Tax Implications of a Biden Administration
Tax brackets, estate tax, even real estate deals - here are some of the proposals that might affect you.
Note: the following is an analysis of the potential tax implications of a Biden presidency and should not be construed as a prediction of election results. Baird does not endorse any candidate running for any office.
With two very different candidates running – and control of Congress at stake as well – the 2020 presidential election could have significant implications on many aspects of our lives. One of the biggest differences between the two parties is in tax policy, where Democratic candidate Joe Biden has proposed repealing many of the aspects of the 2017 Tax Cuts and Jobs Act (TCJA), while President Donald Trump would prefer to make many of its temporary provisions permanent.
Should Biden win the election and Democrats take control of the Senate, here are some of the tax changes that may affect you:
Increase in Individual Tax Brackets
Some of the key changes proposed by Biden:
- Increase the top tax rate for individuals with income over $400,000 to 39.6 percent.
- Impose the 12.4 percent Social Security tax on wages above $400,000, to be evenly split between the employer and employee, creating a “donut hole,” since wages between $137,700 (the current wage cap for 2020) and $400,000 would not be subject to the tax.
- Tax long-term capital gains and qualified dividends at 39.6 percent for individuals with income over $1 million. Currently, all long-term capital gains and qualified dividends are taxed at a maximum rate of 20 percent.
Limitations on Individual Tax Deductions
Biden’s tax plan phases out the qualified business income deduction if your taxable income is more than $400,000. It also restores the Pease limitation on itemized deductions, which reduces a taxpayer’s itemized deduction by the lesser of 3 percent of income over a specified threshold, or 80 percent of total itemized deductions. Additionally, the tax benefit of all itemized deductions would be capped to 28 percent of their value, regardless of your tax bracket, as opposed to the current deduction at your marginal tax rate.
For example, an individual who itemizes on their return would receive a benefit equal to 32 percent for each additional dollar claimed as an itemized deduction. Under the proposed changes, the benefit would be limited to 28 percent of the deduction value.
One benefit for wealthy taxpayers: Biden intends to eliminate the $10,000 cap on state and local tax (SALT) deductions, which is imposed by the TCJA. The repeal of the cap would be a rare instance of Biden’s plan offering a tax break to the wealthy.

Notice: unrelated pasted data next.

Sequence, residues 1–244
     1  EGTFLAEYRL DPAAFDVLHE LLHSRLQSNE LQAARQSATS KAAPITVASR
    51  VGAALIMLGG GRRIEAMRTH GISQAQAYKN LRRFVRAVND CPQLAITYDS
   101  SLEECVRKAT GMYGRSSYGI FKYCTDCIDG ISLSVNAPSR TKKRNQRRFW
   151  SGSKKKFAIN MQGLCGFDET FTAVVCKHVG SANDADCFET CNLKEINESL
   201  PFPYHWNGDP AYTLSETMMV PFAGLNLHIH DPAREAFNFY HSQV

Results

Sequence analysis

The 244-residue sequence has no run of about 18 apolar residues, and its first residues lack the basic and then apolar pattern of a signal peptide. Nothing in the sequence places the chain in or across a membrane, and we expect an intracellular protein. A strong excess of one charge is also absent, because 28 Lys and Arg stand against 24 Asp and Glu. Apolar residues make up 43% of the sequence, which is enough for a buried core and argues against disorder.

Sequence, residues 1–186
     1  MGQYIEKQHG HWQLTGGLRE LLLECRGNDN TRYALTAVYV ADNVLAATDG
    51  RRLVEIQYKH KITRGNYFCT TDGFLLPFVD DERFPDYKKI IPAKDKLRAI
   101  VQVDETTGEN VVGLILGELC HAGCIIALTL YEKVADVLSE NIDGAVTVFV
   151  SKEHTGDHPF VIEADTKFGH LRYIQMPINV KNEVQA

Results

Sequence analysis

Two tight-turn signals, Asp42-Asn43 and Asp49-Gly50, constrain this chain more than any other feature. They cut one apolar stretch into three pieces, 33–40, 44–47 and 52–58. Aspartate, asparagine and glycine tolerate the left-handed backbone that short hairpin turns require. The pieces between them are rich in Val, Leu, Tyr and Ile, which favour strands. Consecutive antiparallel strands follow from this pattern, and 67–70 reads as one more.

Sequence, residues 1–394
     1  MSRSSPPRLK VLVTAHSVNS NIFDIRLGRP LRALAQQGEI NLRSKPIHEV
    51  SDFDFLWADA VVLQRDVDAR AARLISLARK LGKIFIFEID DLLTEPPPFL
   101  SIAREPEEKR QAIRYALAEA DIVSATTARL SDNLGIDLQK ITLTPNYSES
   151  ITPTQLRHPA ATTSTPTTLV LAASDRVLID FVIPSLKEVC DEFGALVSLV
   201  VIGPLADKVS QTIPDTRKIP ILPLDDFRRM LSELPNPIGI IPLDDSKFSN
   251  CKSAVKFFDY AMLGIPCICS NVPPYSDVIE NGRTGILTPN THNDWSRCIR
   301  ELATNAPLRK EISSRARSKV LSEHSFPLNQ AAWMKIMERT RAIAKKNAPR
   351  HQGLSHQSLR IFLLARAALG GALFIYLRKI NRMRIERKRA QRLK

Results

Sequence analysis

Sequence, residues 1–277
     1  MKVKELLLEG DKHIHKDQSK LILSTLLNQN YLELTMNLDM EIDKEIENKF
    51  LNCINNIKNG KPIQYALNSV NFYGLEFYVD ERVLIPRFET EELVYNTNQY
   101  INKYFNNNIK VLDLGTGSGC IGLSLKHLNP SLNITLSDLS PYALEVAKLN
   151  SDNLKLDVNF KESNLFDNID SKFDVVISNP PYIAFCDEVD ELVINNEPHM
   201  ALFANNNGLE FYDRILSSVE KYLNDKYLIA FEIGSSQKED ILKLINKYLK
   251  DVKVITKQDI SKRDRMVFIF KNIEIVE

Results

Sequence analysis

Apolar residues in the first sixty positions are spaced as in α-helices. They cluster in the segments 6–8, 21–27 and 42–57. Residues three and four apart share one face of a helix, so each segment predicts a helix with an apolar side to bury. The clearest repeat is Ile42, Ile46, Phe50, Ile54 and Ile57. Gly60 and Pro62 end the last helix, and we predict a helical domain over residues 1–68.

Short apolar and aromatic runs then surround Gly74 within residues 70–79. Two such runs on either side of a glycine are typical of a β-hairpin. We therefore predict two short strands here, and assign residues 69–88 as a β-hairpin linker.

Expansion of Individual Tax Credits
Biden also plans to introduce or expand several tax credits, including:
- First-time homebuyers may be eligible for a First Down Payment Tax Credit worth up to $15,000, which would help cover the costs associated with purchasing a new home. We saw a similar credit in the Housing and Economic Recovery Act signed by President Bush in July of 2008, which expired in 2010.
- The child and dependent care credit would increase from the maximum amount of $2,100 to $8,000. The eligible credit would still be phased out for individuals with higher income.
- The earned income tax credit for childless workers aged 65 and up would be expanded
- The full electric vehicle tax credit would be reinstated
- The Affordable Care Act’s premium tax credit would be expanded.
Changes for Real Estate Investors
Biden proposes eliminating the 1031 exchange, commonly known as a “like-kind exchange.” This section of the Internal Revenue Code allows real estate investors to defer recognition of a capital gain on the sale of business property by investing the proceeds into another business property.
Estate Tax Changes
Biden proposes reducing the estate tax exemption from the current $11.58 million per person to the pre-TCJA $5.49 million, adjusted for inflation, with the estate tax rate unchanged at 40 percent. However, Biden’s plan does include the elimination of the step-up in basis at death.
This would also mean a decrease in the lifetime gift exemption, which is the amount you can give to third parties during your lifetime without paying gift tax and is equivalent to the estate tax exemption. Any time an individual makes a gift over the annual exclusion amount, both their lifetime gift and estate tax exclusion are reduced; upon death, any unused gift exclusion can be used as an exclusion on their estate tax return. If these ideas are new to you, this guide to Estate Planning from Baird can help you get started.
It’s important to remember that these are only proposals, and that any changes to the tax code will depend heavily on what Congress chooses to pass. Talk to your Baird Financial Advisor about how these proposals might affect you.